IndyCar

Will Power impressed with Charlotte Motor Speedway ROVAL

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While visiting Charlotte Motor Speedway on Wednesday during the Parade of Power tour, Team Penske’s Will Power got a chance to sample the newly configured “roval,” the road course built within Charlotte that incorporates a mix of an infield road course with parts of the 1.5-mile oval.

Power, who was at Charlotte with his Team Penske Monster Energy NASCAR Cup Series counterpart Ryan Blaney, along with NHRA Pro Stock racer Greg Anderson, explained afterward that the circuit left a good impression on him.

“I haven’t gotten to do a whole lap, but I’ve seen the two chicanes and the turn that goes into the infield. It looks pretty nice,” Power detailed. “I know the old track (the oval), I’ve driven around the old track. I don’t know how much it’s changed, but (the roval) looks like it’ll be a lot of fun.”

Power got a chance to sample the circuit in a ride-along with Blaney, who drove Power around in a two-seat version of his No. 12 Penske Racing Ford.

Power also revealed that, per a conversation he had with Blaney, the circuit could pose a unique challenge and produce some very intense racing.

“Blaney says it was quite difficult to get his head around (the track), but he says it’s going to be solid racing (on it) – a lot of moving people out of the way and that type of thing. He seems to think the fans will like it.”

The Verizon IndyCar Series has previously raced at Charlotte Motor Speedway, between 1997 and 1999. And Power, who lives in North Carolina, would welcome the idea of the track returning to the schedule.

“That would be a total home race for me. I’d love to see that, that would be awesome. But, I have no clue if that would ever happen,” Power revealed.

A hypothetical return to Charlotte would follow a recent trend of IndyCar returning to venues it hasn’t visited in recent years. IndyCar heads to Portland International Raceway on Labor Day Weekend (September 2, on NBCSN), a circuit that hasn’t held an IndyCar race since the old Champ Car World Series raced there in 2007, their final season prior to unification.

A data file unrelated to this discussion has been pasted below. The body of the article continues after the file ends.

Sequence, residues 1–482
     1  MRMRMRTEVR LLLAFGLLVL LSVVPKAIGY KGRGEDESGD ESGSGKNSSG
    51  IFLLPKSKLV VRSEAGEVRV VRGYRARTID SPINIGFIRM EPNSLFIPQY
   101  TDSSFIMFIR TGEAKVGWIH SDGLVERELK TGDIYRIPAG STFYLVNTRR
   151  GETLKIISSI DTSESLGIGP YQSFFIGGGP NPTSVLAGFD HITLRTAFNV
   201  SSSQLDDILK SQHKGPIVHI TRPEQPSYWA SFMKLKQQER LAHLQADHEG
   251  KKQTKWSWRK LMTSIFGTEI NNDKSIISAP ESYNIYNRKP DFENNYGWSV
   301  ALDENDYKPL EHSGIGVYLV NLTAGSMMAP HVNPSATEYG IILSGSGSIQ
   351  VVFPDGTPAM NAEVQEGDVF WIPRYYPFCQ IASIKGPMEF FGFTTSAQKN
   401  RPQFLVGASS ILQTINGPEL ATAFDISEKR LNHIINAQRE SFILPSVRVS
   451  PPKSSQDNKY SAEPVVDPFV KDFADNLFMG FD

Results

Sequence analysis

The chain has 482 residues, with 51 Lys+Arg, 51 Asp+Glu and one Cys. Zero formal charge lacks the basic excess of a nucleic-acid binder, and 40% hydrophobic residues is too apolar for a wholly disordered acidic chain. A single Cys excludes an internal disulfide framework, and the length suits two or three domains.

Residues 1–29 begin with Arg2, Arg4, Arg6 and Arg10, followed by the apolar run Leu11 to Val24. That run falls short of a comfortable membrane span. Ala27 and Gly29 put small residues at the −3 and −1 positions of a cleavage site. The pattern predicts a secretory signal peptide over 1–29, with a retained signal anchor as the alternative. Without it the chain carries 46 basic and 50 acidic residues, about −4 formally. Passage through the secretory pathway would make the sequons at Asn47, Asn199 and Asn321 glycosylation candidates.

And the series is also slated to return to WeatherTech Raceway Laguna Seca in 2019 after an absence that dates back to 2004 – Champ Car’s final race at the circuit came in that season, with Patrick Carpentier taking the win.

The return of such venues, stalwarts on the open wheel calendar through the 1990s and into the 2000s, is nothing short of positive in Power’s mind.

“You think about how big the crowds were when CART was going to Portland and Laguna Seca – there is a good fan base there, and those tracks have good history and they’re great tracks to drive on. So, I’m really excited about the additions to the schedule,” he added.

The next Verizon IndyCar Series event is the ABC Supply 500 from Pocono Raceway (August 19, on NBCSN), while the Monster Energy NASCAR Cup Series tackles the Charlotte “roval” on September 30 for the Bank of America Roval 400.

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Cooper Webb leaps from obscurity to Supercross lead

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Cooper Webb could not even locate the radar tower before the 2019 season began – let alone expect to see his number dead center in the radar screen.

His ascent to 450 competition came with little fanfare. Finishing 13th in Supercross in 2017 and then eighth in Motocross, Webb did not turn many heads as a rookie. Last year was more of the same.